About the AuthorA Gonzo journalist hailing from New York City, Gonzo has contributed to pretty much every marijuana magazine and blog in the nation. He covers Medicinial, Growing and National News for Higher Ground. And since it’s not legal where he lives, he’ll remain anonymous. For now.
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By Michael A. Stusser — 8 years ago
We stand behind our outrageous tagline, The World’s Best Resource for Marijuana News, Entertainment and Culture. That said, when a Pulitzer-Prize-Winning newspaper that broke the Watergate and Pentagon Paper stories want to try and “scoop” us and break down the details, we let ’em!
Thanks to reporters Denise Lu, Ted Mellnik and Niraj Chokshi for this update.
By Zoe — 8 years ago
With the general election five months away, more Outside cash is making its way into the Alaska campaign to legalize marijuana.
The Marijuana Policy Project injected $140,000 into the Campaign to Regulate Marijuana Like Alcohol in Alaska at the end of May, according to filings with the Alaska Public Offices Commission. It marks the second largest donation the campaign has received this election season and pushes the contribution total for the campaign just over the half-million dollar mark.
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In comparison, the group opposing the measure, Big Marijuana. Big Mistake. Vote No on 2, has raised a mere $31,000 since organizing in April. Most of that money came from a single donation from the Chenega Corp., an Alaska Native village corporation based in Anchorage, which gave $25,000 to the campaign last month.
At stake is Ballot Measure 2, an initiative that would regulate and tax marijuana like alcohol in Alaska. If approved, the initiative would regulate the production, sale, and use of marijuana to adults 21 years of age and older and tax its commercial sale. Alaska would become the third state to legalize marijuana, behind Washington and Colorado. The initiative’s language is largely based on Colorado’s law.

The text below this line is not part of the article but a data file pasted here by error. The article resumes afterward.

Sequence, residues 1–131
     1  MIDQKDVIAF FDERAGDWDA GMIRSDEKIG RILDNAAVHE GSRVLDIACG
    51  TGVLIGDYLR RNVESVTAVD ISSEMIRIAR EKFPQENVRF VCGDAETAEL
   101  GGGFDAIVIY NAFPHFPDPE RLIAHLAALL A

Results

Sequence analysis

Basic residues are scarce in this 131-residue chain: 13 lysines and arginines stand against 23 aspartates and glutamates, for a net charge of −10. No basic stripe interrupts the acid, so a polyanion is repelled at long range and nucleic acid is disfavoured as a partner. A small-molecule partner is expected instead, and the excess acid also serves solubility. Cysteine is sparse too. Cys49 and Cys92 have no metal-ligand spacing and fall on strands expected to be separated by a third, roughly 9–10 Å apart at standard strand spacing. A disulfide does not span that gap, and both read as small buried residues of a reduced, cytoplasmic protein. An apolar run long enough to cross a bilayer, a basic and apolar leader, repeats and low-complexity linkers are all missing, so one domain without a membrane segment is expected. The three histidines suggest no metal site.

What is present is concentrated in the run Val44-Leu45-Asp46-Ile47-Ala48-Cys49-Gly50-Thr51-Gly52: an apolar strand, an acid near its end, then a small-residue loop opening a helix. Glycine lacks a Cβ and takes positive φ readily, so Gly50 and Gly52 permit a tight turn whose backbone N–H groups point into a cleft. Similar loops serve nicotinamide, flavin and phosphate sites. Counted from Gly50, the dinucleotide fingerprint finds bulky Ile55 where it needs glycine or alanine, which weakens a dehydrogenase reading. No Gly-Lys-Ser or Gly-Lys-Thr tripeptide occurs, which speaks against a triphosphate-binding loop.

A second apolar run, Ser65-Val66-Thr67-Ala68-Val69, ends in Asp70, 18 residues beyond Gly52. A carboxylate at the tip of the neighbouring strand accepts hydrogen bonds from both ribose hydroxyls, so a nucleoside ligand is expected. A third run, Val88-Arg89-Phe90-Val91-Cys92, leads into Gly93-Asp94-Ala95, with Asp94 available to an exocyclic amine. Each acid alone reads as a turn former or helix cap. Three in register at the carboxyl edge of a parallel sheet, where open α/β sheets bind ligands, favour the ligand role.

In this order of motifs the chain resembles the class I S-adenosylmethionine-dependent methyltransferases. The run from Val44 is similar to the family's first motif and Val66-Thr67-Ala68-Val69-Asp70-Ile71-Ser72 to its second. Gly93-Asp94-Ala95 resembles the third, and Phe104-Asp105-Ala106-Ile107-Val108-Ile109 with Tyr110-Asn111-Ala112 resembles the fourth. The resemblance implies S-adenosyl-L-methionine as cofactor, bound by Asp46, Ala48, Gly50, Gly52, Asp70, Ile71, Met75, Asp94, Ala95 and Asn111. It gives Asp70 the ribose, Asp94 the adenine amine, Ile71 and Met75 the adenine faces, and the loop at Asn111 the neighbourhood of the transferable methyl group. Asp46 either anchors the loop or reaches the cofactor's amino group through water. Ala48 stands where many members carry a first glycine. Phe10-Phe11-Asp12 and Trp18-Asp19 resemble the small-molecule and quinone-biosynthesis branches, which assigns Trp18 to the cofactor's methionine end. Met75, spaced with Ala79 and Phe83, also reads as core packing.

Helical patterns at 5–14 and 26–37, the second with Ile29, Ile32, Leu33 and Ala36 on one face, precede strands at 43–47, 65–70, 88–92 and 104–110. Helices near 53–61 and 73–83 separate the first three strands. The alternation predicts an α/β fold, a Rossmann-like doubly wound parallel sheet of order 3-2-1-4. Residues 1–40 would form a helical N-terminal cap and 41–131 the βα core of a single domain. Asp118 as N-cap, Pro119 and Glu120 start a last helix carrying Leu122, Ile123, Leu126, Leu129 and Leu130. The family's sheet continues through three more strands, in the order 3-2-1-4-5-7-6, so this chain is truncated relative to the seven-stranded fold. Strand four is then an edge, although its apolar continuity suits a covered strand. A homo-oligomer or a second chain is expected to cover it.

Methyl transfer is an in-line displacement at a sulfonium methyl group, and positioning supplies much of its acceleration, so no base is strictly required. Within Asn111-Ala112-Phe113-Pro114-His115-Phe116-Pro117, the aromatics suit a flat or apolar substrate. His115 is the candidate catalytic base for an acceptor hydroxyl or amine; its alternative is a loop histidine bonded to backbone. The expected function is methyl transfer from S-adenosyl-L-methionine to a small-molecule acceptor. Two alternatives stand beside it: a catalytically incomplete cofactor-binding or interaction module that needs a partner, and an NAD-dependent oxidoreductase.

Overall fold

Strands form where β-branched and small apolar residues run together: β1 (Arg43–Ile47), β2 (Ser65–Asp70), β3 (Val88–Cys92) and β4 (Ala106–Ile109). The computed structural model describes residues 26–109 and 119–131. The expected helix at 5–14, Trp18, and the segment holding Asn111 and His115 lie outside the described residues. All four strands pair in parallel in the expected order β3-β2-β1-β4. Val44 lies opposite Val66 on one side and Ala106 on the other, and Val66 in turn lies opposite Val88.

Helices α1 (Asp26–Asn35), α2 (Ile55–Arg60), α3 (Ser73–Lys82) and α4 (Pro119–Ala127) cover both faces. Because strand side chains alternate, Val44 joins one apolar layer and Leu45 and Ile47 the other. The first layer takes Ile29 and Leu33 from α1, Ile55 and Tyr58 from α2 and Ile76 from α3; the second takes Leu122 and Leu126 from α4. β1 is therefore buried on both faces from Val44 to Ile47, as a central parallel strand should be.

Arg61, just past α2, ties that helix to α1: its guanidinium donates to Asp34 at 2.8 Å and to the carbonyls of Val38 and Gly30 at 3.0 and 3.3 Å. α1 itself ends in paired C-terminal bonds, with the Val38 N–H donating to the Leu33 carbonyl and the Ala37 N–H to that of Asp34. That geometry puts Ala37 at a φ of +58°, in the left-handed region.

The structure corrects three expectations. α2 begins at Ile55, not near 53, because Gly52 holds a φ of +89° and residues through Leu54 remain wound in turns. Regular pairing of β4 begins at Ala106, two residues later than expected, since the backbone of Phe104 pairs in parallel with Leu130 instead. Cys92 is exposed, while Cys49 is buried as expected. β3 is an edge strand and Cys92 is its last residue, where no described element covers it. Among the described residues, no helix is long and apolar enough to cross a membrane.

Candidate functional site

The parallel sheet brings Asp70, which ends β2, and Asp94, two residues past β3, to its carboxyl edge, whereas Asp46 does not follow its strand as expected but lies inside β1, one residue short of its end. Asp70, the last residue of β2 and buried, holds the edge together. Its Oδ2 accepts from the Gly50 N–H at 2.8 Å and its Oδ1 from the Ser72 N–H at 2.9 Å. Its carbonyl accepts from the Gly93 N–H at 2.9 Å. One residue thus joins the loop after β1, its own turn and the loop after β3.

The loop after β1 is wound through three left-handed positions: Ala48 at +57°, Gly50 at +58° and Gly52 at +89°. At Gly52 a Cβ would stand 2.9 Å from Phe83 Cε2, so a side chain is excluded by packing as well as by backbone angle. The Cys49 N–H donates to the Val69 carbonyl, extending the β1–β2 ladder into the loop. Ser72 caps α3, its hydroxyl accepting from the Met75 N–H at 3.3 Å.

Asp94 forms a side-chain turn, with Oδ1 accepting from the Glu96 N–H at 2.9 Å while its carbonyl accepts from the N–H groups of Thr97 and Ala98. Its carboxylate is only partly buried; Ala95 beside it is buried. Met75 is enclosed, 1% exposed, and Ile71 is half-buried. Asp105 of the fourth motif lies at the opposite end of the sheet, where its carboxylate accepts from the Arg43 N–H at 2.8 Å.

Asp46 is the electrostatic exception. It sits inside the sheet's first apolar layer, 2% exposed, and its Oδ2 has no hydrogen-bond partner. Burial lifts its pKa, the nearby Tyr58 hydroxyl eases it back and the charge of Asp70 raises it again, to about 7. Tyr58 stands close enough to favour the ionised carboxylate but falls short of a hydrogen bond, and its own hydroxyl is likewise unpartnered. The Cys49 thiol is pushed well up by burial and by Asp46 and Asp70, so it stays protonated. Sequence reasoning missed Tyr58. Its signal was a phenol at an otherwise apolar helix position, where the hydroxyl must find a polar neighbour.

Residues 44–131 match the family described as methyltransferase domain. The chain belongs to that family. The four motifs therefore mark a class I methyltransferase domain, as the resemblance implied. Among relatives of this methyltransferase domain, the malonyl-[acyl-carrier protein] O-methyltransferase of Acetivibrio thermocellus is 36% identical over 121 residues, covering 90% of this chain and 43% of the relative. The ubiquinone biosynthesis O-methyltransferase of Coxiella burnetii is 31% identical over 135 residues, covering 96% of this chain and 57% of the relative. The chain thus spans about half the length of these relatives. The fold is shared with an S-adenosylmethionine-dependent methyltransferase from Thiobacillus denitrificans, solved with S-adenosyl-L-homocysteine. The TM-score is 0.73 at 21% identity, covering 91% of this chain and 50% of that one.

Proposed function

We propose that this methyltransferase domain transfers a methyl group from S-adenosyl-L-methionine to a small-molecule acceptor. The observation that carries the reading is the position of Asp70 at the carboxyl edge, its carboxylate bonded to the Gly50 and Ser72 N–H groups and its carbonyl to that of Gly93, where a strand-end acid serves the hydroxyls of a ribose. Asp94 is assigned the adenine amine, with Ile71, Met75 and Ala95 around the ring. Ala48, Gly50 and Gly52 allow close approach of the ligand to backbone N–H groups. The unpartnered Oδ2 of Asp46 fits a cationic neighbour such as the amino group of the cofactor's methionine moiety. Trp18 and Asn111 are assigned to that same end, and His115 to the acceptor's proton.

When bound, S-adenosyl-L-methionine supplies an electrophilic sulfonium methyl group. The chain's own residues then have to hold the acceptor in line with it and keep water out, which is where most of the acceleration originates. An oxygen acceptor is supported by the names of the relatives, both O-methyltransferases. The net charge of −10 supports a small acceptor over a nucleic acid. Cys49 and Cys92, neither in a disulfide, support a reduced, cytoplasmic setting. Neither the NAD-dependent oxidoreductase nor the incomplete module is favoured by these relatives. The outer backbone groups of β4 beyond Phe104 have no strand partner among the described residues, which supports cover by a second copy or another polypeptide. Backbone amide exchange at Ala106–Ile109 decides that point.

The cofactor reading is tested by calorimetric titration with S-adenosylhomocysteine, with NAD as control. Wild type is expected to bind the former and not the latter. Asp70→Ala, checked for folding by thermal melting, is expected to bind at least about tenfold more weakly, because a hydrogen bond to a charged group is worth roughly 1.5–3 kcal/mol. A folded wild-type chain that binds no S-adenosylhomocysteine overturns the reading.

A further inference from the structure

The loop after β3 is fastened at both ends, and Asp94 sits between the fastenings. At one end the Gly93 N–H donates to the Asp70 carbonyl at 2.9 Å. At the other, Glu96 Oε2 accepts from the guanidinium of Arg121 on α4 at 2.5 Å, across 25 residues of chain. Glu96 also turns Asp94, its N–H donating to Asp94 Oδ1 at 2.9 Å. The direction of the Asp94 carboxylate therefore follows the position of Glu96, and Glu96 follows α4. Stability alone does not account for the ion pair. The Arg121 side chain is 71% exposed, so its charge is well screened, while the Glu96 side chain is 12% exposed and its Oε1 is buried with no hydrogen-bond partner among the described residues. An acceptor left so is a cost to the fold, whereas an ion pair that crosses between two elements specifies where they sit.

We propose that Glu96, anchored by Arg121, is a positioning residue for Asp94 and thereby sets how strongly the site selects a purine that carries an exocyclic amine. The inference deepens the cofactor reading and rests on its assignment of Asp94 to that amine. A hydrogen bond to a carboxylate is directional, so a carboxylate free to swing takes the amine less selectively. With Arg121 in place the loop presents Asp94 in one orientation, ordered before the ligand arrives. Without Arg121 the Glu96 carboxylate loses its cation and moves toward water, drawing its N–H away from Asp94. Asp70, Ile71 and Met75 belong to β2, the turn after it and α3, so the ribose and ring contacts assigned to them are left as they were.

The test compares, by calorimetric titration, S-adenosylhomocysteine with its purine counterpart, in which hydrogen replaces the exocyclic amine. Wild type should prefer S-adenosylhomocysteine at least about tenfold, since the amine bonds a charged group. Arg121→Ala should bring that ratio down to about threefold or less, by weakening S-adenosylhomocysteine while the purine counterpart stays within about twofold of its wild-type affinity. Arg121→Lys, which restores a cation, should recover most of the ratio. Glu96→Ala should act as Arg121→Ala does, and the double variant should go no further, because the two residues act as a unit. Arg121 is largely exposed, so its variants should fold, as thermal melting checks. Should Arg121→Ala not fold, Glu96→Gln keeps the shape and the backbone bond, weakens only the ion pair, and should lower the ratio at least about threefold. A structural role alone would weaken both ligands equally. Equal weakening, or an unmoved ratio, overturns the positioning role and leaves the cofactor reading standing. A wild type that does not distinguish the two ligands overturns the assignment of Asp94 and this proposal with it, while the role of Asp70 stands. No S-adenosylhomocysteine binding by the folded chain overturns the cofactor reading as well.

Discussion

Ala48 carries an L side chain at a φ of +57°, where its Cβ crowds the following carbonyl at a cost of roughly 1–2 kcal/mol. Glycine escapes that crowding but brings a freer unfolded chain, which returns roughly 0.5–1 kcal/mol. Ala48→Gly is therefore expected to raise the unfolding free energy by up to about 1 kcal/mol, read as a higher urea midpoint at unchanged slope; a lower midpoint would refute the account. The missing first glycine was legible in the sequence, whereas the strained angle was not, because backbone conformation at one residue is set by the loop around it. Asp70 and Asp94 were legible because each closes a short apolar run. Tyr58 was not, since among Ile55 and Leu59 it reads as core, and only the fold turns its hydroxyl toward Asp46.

Proponents say the measure is long in coming and that the “prohibition” on marijuana isn’t working. Opponents argue that it’s too much, too soon, and that Alaska doesn’t need to be the testing ground for marijuana legalization. Polls conducted earlier in the year put support for the initiative at around 50 percent.
The $140,000 doesn’t mark the biggest donation from the Marijuana Policy Project, a national group that works to advocate for marijuana legalization across the U.S. In March, the organization contributed $210,000 in cash to the Alaska campaign. It also sent one staff member, Chris Rempert, to serve as campaign director.
Pro-legalization campaign spokesman Taylor Bickford said the donation will be used to “continue educating Alaskans” about the benefits of legalizing marijuana here. He said it was not intended to serve as a response to the large donation from Chenega.
“We have our own strategy and our own plan that we will be executing between now and November,” he said.
Deborah Williams, spokeswoman with the Big Marijuana. Big Mistake. Vote No on 2 campaign, was not surprised to hear about the large donation Thursday, nor was she concerned, she said.
“We always anticipated we would be grossly outspent,” Williams said.
The anti-legalization campaign has focused on maintaining a grassroots presence, working more to start conversations and participate in forums that “get the truth of this initiative out” Williams said.
Williams noted that other Alaska political battles have proved that Alaskans don’t take well to Outside groups pushing agendas in Alaska.
“No matter how much money the Marijuana Policy Project and other Lower 48 entities put into this battle, they can’t eliminate those truths,” Williams said.
Bickford rejected the idea that the Marijuana Policy Project was pushing any sort of agenda. He said the group has been working to reform marijuana policy in Alaska for 20 years, and in that time has built meaningful connections in the state.
“Alaskans are going to focus on the issues. They’re not going to focus on distractions and fundraising,” he said.
What the campaign will look like from here remains to be seen. Bickford noted that with the U.S. Senate race dominating traditional advertising media right now, most campaigns are in the process of figuring out “how to deal with that.”
“All the campaigns are struggling with the limited air space due to the influx of money in the senate race,” Bickford said. “We plan on running a comprehensive campaign that connects with voters in various ways.”